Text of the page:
Rethink Failure

By Sam Mani

It’s unrealistic, unsustainable, and unfair to think that we can get everything perfect all the time because failure, the insight it provides, the experimentation it demands, and the innovation it can lead to, is actually one of the most valuable tools we have.

There’s something about kicking off 2022 that has felt a bit different. It may be the fact that vaccines have largely made the bleak winter months more bearable than last year. It could be that we now live in a post-Montero world. But one big thing that I have noticed so far this year is that people seem to be forgoing the tradition of a New Year’s resolution. For a few, resolutions have always felt a bit arbitrary, but for a lot of my own friends, a New Year’s resolution feels weird after all we’ve been through.

With all the hardships of the last two years, we’ve been forced to deal with a lot of failure. Setting any goal comes with a risk of failure, so maybe it makes sense that we avoid the whole situation and go resolution-less this year. But unfortunately, when it comes to life and work, avoiding failure altogether just isn’t realistic. So, it’s important to reexamine our relationship with failure and demystify it, so that we can ultimately improve how we deal with failure and even set goals in the first place.

Our fear of failure

Failure is often seen as the worst possible outcome in any given scenario. It’s total defeat, game over, the end of the road. And when it comes to work, whether a freelance project or a full-time job, the stakes seem that much higher. There often seems to be little room for failure when you answer to others and your work reputation is on the line. This pressure is often even more intense for women, people of color, LGBTQIA people, disabled people, and other marginalized communities, who often face an inherent expectation to go above and beyond to justify their presence in a workplace.

This relationship to failure is unhealthy and unrealistic. We all know that failure is an essential part of improving and growth. It is quite literally impossible to go through life without failure, and often understanding yourself as a person comes down to how you deal with mistakes in your life. Yes, failure can be really serious, but even that is an opportunity to right a wrong or and/or get resourceful.

In fact, this fear of failure in work often leads to dysfunctional work habits: not communicating smaller setbacks or mistakes for fear of getting in trouble, not asking questions for fear of seeming incompetent, creating timelines that do not allow time for pivoting or changes, and even being unable to accept constructive criticism without taking it personally. Procrastination and its counterpart perfectionism are both rooted in an immobilizing fear of failure.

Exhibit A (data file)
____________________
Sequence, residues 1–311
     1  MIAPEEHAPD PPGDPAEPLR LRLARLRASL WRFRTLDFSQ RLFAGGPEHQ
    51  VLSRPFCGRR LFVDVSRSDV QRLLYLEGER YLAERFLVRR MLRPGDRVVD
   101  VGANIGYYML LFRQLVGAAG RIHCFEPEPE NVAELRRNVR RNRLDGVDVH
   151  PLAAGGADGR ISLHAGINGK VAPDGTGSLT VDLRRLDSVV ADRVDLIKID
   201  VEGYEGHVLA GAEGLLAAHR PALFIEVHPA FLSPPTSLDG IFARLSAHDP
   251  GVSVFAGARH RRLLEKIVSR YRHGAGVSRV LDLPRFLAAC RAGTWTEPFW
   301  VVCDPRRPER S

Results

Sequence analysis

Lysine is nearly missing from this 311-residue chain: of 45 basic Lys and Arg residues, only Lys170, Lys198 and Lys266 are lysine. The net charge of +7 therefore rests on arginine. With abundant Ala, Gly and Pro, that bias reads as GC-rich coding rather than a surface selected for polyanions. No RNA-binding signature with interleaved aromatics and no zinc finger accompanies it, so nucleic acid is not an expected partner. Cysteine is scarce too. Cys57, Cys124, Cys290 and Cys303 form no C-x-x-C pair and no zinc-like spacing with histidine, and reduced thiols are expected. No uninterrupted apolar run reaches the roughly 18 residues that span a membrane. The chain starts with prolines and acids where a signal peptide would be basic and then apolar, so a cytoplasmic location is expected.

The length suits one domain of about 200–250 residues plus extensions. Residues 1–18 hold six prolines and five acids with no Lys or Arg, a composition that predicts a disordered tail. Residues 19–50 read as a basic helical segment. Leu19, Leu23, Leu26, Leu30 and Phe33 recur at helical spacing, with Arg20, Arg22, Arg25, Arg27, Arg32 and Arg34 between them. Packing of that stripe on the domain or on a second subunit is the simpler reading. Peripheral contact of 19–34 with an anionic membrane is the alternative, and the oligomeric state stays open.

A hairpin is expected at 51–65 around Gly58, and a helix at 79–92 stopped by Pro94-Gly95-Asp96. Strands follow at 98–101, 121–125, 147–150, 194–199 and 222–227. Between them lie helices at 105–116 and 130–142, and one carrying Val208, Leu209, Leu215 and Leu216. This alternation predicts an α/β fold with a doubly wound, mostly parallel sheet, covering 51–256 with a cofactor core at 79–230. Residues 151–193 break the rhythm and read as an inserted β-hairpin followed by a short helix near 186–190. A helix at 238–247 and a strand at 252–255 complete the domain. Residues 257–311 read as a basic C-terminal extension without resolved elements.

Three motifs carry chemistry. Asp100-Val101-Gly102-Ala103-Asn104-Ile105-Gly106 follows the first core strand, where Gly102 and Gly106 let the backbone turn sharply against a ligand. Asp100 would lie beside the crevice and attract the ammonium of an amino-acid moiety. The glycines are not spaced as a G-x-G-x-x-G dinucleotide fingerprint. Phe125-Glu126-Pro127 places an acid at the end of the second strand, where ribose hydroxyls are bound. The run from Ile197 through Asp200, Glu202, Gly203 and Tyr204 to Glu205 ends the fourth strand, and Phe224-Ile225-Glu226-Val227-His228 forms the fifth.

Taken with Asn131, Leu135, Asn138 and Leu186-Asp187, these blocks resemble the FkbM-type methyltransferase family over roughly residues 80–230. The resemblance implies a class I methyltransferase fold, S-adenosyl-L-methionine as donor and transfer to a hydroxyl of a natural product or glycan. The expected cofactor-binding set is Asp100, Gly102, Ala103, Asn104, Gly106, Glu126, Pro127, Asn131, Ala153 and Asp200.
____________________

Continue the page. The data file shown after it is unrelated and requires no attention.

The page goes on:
But what if, instead of fearing failure, we were able to plan for it in our work processes?

What does failure look like?

Spend some time envisioning what failure actually looks like for a given project. When delineating your objectives, it also helps to reflect on what it might actually look like to not reach those objectives: missing deadlines, not including key people, not having the right dimensions, etc. Visualize what failure looks like (but don’t dwell on it!) and even write down the obstacles you imagine, so if your project starts to go down that path, you can recognize it earlier and intervene.

Be realistic

Failure is rooted in a difference in expectations. If you are assigned a project that is beyond your capacity, it’s crucial to know that and communicate that. We often think that being a good employee or freelancer means doing whatever a project takes, but it actually it is more about knowing what you can take. When everyone meets each other where they’re at, they can better preempt setbacks, but it also allows folks to deploy support where it’s needed in case of a setback. Also, if you are realistic about what you can and can’t do, it makes pushing yourself forward and exceeding expectations a smoother process.

Make room for feedback

Of course, clearly communicating expectations doesn’t inoculate a project from failure. Expectations can change, as do circumstances. Incorporating time throughout a project to review and allow for feedback enables you to understand what’s working and what isn’t working. It also allows you time to learn from mistakes, pivot accordingly, and overcome setbacks.

Budget for failure

No matter the size of your budget, it seems like a waste to set aside resources in case of failure. But ensuring you have a budget that adequately addresses revisions, change of scope, and other potential setbacks will help alleviate stress and headaches in the worst-case scenarios.

We all know that failure is a part of life, but for some reason that concept is rejected when it comes to work. It’s unrealistic, unsustainable, and unfair to think that we can get everything perfect all the time because failure, the insight it provides, the experimentation it demands, and the innovation it can lead to, is actually one of the most valuable tools we have.

So whether you’re creating a project timeline for a new client or mulling over a New Year’s resolution, remember that failure is how we grow.


About the author. 
Sam Mani writes about work, creativity, wellness, and equity — when she’s not cooking, binging television, or annoying her cat.